Ending a Massachusetts marriage can be painful and emotionally difficult. In fact, many parties experience depression, anxiety, grief, anger, and stress while going through the divorce process.
Unfortunately, these same emotions can cause friction between the parties, which can drag out the process and increase costs.
Here are some steps that can be taken to minimize the risk of this happening. One of the most crucial steps is learning how to detach the legal aspects of divorce from the emotional aspects.
Approach Divorce Like a Business Transaction
At its core, the legal aspect of divorce is like a business transaction; two parties come to the table with their requests and then negotiate a deal that can hopefully satisfy all involved. When examining it from this standpoint, an argument over the wedding china can seem arbitrary. However, some spouses do argue over things – such as possessions – that do not matter. That is often because they are struggling with their feelings of betrayal, sadness, or loss. So, rather than let emotion dictate your decisions in divorce, consider why you want something in the settlement.
Do you have an emotional attachment to the item, or is your desire fueled by bitterness? Is the item a family heirloom, or is it something that you plan to sell? If you take a moment to consider why you want something so desperately, you may be less likely to respond irrationally.
When Arguments Involve Children
Arguments over child-related matters are usually harder to deal with than arguments over possessions. Try as one might, the emotional connection often cannot be removed. However, civility is even more crucial for divorcing parents. Conflict during a divorce has been connected to maladjustment, depression, and other emotional trauma issues in children in numerous studies. As such, parents who are struggling to reach an agreement over the allocation of parental responsibilities or parenting time details of their divorce may wish to seek assistance from a family counselor, mediator or attorney.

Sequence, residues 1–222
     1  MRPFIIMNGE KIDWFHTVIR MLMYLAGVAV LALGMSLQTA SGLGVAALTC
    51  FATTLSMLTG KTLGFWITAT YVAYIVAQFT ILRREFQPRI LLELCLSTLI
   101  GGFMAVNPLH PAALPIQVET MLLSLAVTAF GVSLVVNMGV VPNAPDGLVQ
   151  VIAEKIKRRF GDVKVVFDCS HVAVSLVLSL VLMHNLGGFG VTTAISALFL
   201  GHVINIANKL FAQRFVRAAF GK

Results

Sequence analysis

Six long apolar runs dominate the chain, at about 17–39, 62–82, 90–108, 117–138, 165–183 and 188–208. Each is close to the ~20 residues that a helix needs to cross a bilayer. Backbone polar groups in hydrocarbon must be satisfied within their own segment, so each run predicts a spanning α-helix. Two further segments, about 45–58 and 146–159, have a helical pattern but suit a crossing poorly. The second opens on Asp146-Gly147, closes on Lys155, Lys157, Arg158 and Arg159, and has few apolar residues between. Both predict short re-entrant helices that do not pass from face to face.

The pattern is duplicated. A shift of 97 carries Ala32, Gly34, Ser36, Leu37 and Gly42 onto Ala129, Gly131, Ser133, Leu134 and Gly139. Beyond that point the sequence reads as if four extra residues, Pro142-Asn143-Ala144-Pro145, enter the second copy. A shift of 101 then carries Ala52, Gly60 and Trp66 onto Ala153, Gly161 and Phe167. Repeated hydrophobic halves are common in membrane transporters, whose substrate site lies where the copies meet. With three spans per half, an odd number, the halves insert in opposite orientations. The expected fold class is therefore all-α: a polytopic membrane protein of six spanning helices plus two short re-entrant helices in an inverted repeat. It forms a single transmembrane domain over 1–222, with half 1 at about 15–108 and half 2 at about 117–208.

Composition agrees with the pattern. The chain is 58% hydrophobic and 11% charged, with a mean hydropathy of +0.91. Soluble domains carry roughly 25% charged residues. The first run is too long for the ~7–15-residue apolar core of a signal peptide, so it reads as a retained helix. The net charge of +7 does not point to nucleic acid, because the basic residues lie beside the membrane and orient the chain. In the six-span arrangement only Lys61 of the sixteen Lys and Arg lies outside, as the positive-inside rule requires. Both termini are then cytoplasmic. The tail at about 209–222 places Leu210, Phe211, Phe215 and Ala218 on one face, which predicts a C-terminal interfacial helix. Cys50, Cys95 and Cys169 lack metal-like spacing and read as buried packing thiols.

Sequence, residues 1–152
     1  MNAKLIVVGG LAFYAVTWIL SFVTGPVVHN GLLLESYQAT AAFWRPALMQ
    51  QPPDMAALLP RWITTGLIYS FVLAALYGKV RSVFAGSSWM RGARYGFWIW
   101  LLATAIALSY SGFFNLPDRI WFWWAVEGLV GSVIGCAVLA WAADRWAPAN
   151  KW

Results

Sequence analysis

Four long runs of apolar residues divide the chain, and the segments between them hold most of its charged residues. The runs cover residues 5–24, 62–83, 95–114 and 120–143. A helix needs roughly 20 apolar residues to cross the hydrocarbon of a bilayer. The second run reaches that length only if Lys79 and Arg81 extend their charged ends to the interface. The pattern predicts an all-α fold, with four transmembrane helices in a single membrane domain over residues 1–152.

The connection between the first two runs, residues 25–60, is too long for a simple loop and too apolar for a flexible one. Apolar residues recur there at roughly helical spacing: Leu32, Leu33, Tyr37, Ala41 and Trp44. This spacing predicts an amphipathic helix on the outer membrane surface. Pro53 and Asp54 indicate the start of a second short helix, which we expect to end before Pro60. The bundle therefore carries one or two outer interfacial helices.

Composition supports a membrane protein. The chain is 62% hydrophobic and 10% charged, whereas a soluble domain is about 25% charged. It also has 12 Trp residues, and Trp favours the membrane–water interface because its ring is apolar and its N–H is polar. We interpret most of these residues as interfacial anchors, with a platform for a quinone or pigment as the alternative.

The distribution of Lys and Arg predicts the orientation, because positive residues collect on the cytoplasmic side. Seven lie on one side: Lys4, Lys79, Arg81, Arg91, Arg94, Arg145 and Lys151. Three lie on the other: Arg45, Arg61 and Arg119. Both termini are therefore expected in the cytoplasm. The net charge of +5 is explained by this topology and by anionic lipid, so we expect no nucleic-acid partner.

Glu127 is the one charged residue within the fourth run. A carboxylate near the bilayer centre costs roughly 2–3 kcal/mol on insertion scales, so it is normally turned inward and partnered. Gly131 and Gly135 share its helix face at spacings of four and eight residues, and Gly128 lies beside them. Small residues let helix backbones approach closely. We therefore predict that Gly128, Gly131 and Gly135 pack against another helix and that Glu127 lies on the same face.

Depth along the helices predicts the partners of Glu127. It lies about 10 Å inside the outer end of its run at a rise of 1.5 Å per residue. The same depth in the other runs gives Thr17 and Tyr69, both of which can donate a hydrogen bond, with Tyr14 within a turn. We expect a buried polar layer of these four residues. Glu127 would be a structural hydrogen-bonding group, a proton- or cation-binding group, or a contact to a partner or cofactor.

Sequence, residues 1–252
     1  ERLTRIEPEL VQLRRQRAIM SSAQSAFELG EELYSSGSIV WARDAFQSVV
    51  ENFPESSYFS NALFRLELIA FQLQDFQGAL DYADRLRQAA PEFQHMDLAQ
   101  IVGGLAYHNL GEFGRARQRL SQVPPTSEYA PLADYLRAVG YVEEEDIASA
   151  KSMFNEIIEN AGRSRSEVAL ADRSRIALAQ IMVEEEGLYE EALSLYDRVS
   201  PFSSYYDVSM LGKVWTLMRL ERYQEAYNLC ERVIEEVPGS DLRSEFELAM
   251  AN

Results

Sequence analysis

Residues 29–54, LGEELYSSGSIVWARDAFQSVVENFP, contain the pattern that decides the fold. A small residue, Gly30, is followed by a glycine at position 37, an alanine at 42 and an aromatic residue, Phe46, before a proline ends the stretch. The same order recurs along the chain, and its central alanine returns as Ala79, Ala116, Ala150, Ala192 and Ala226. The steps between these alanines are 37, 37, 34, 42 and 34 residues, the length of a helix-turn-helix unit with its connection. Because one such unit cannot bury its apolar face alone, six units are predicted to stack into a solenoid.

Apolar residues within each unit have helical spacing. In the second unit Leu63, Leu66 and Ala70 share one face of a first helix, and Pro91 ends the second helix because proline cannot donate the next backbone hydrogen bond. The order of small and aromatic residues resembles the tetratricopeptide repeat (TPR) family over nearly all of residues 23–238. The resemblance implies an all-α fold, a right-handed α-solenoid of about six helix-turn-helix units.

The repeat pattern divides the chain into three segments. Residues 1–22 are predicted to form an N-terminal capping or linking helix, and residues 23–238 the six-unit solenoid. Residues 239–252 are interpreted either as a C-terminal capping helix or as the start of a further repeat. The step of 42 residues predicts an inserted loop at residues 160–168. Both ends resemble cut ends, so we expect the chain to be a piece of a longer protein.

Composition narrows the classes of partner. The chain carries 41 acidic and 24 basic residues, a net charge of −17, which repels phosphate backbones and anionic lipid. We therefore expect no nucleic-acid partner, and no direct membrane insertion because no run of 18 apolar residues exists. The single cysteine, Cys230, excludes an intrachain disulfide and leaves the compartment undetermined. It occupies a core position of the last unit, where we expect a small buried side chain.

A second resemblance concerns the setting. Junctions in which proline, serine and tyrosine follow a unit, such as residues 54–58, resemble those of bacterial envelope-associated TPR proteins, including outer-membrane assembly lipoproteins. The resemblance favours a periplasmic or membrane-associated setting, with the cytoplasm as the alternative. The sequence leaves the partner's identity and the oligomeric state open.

Detaching Does Not Eliminate the Grief
Emotional detachment does not make a divorce void of emotion. If anything, it can increase the risk of a blow-up; this is because some divorcing parties may attempt to bury or suppress their feelings. It rarely ever works. Instead, divorcing parties are encouraged to seek counseling and support from their friends and family members. Support groups may also be helpful. Further, it is recommended that divorcing parties minimize their communication with one another and hire divorce attorneys to manage the negotiations.
Contact Our Middlesex County Divorce Lawyer
If you are filing for divorce, contact the Law Offices of Renee Lazar for assistance. Dedicated and experienced, we strive to protect your best interests and financial future. Schedule your FREE one hour no obligation consultation by calling 978-844-4095 today.